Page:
Are you prepared to meet the Bridegroom this week?

By | March 24, 2013

Starting on Palm Sunday, Orthodox and Eastern Catholics begin the Bridegroom Service, or Bridegroom Matins. (In Greek, the bridegroom is called Nymphios.) The bridegroom, of course, is Christ. This image appears in a sacred icon used for these services, which take place from Palm Sunday until the morning of Holy Thursday. Western Catholics would probably recognize the image as similar to “Ecce Homo,” or “Behold the man.”

The icon shows Christ in his Passion, robed in scarlet, crowned with thorns, bearing a reed, with his hands bound.

Not exactly our first image of a groom attired for his wedding, is it?

Christ calls himself the bridegroom several times in the Gospel: Mt 9:15; Lk 5:35; Mt 25:1-12; Mk 2:19-20. John the Baptist called Jesus the bridegroom (Jn. 3:29). And Jesus’ first miracle in John’s Gospel is the wedding at Cana.

Christ’s Passion reveals his great love for us and, remembering this, the image of the suffering Christ as a bridegroom becomes more clear. His crown of thorns is like the crown a groom receives from his wife in an Orthodox wedding; he wears a royal robe of scarlet; the reed is his royal scepter and yet symbolizes the humility with which he cares for his bride the church; the rope around his wrists is loosely tied to show how he willingly died for his beloved.

“A Reader’s Guide to Orthodox Icons” explains the icon: “While we are still as unfaithful as harlots, Christ is betrothed to us. This is divine love, that while we were still sinners, Christ died for us. … we ‘behold the man’: the bridegroom who burns with such love for us that he suffers death on the cross.”

A central theme for these first days of Lent for Byzantine Catholics and the Orthodox Church is the parable of the 10 virgins (Mt 25:1-12). We can all see ourselves waiting late into the night for the bridegroom. As we approach Holy Thursday, the image reminds us of the Apostles waiting in Gethsemane for Jesus. They fell asleep, just as the virgins in the parable. How do we compare with the virgins or the apostles? Are we alert for Jesus’ coming?

Fr. Eusebius Stephanou, an Orthodox priest of the Brotherhood of St. Symeon the New Theologian, explains the bridegroom icon this way: “Christ does not look like a spouse prepared for a wedding. Grooms usually are neatly dressed in the best suit of clothes. How could He possibly be the bridegroom? … But such an icon portrays a mystery. He is the spouse who must suffer birth pangs, because he is birthing the members of the new humanity. As the new Adam, he is the progenitor of the new human race. When Adam fell asleep, God took one of his ribs and created Eve. This time the new Adam fell asleep on the cross, and while his soul was in Hades, the bride of Christ was birthed.”

In the Orthodox Church, the first part of Holy Week is spent waiting and reflecting. Just as all Catholics call the time between Holy Thursday evening and the Easter Vigil the Triduum – three days of one celebration — Byzantine Catholics also consider the days of Bridegroom Matins as one event.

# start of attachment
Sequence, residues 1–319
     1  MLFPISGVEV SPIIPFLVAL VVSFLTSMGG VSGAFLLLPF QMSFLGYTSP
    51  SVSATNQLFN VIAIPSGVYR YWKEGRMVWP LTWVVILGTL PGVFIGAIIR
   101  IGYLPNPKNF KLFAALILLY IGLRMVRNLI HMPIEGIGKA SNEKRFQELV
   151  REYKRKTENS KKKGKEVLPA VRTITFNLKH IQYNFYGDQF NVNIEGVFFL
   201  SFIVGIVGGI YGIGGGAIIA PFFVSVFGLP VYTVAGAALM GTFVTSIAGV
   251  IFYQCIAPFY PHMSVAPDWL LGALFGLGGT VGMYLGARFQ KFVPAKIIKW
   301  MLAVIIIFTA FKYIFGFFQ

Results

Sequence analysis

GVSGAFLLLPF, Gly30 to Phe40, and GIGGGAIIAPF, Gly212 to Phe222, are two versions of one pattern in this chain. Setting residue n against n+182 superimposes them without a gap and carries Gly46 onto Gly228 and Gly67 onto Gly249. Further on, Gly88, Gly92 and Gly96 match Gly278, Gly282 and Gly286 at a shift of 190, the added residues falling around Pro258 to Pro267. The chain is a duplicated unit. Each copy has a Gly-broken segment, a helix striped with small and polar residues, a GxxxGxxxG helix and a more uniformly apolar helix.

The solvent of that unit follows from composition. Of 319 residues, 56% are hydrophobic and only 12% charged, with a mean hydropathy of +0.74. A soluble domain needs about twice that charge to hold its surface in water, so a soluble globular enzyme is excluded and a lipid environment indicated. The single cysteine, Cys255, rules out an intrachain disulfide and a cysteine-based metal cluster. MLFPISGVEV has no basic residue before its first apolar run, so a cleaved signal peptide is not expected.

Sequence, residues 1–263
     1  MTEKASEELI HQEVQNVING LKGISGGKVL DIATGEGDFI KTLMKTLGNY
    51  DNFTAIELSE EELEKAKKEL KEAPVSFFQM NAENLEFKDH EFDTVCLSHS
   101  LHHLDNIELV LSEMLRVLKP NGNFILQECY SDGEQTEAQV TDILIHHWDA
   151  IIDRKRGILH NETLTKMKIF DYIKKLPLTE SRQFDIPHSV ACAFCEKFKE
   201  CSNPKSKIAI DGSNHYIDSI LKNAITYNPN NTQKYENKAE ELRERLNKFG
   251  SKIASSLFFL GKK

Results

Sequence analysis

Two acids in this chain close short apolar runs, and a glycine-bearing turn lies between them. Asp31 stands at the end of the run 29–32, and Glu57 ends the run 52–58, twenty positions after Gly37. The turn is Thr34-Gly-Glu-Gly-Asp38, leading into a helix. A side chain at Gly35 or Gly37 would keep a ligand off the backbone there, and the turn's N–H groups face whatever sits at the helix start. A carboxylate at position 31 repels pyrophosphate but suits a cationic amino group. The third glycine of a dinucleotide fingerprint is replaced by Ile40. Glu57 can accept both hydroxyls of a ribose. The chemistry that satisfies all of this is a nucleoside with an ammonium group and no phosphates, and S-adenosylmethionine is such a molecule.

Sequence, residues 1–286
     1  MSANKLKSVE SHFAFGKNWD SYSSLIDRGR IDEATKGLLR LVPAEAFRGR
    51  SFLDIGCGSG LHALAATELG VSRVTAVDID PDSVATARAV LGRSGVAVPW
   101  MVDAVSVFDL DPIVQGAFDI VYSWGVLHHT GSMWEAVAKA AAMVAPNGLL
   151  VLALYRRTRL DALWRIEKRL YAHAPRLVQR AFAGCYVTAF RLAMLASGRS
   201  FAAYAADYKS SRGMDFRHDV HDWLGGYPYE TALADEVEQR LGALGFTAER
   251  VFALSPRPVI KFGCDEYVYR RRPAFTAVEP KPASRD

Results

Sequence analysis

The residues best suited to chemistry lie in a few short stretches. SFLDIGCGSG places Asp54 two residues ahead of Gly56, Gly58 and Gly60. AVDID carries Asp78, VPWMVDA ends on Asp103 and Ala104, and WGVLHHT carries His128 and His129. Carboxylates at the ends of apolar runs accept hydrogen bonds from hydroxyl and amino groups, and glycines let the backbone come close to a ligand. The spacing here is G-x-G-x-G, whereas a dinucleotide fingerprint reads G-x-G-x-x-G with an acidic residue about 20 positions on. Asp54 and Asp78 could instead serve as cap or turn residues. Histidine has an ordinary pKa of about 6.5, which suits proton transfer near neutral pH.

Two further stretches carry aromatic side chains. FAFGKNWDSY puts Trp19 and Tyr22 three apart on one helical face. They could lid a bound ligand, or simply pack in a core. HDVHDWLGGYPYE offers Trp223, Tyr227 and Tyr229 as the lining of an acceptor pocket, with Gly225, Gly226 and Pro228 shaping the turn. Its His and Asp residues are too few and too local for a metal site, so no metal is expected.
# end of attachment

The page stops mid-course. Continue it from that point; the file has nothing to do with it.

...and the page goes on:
Each night, the same troparion (hymn) is sung: “Behold, the bridegroom cometh in the middle of the night, and blessed is that servant whom he shall find watching; and again unworthy is he whom he shall find heedless. …”

Monday, Tuesday and Wednesday each have a focus: first is the patriarch Joseph, who is seen as an image of Christ; then come the 10 virgins and, on Wednesday, the woman who anointed Christ’s feet. She is contrasted in her repentance with Judas. The images are powerful and evoke deep reflection.

As we Western Catholics approach the Triduum of Holy Week, how do we reflect upon Christ drawing near his Passion and death?

The Catechism of the Catholic Church reminds us that when Jesus warns us to be on guard — as he did with the parable of the 10 virgins, “he always relates it to himself, to his coming on the last day and every day: today. The bridegroom comes in the middle of the night; the light that must not be extinguished is that of faith …” (n. 2730).

It is hard to think of a wedding as we contemplate the sufferings of Christ. And yet it is true, he died for love of us. His death began the life of the church — which is often referred to as “the bride of Christ” — and his death gave us a gift beyond compare: eternal life in union with him.

The Greek Orthodox Church in America says of the Bridegroom Service: “The title ‘bridegroom’ suggests the intimacy of love. It is not without significance that the kingdom of God is compared to a bridal feast and a bridal chamber. … The imagery connotes the final union of the lover and the beloved.”

Since we have few special liturgical services in the Western church for the first days of Holy Week, perhaps we would want to take some time to prepare our thoughts for the coming of the bridegroom.

Holy Resurrection Monastery in St. Nazianz is a Byzantine community and celebrates the Bridegroom Matins. For a Holy Week schedule, visit http://hrmonline.org.

Sources: goarch.org; “A Reader’s Guide to Orthodox Icons;” stsymeon.org; SS Cyril and Methodius Byzantine Catholic Seminary, Pittsburgh, Pa., at bcs.edu.

Kasten is the author of “Linking Your Beads, The Rosary’s History, Mysteries and Prayers,” published by Our Sunday Visitor Press.

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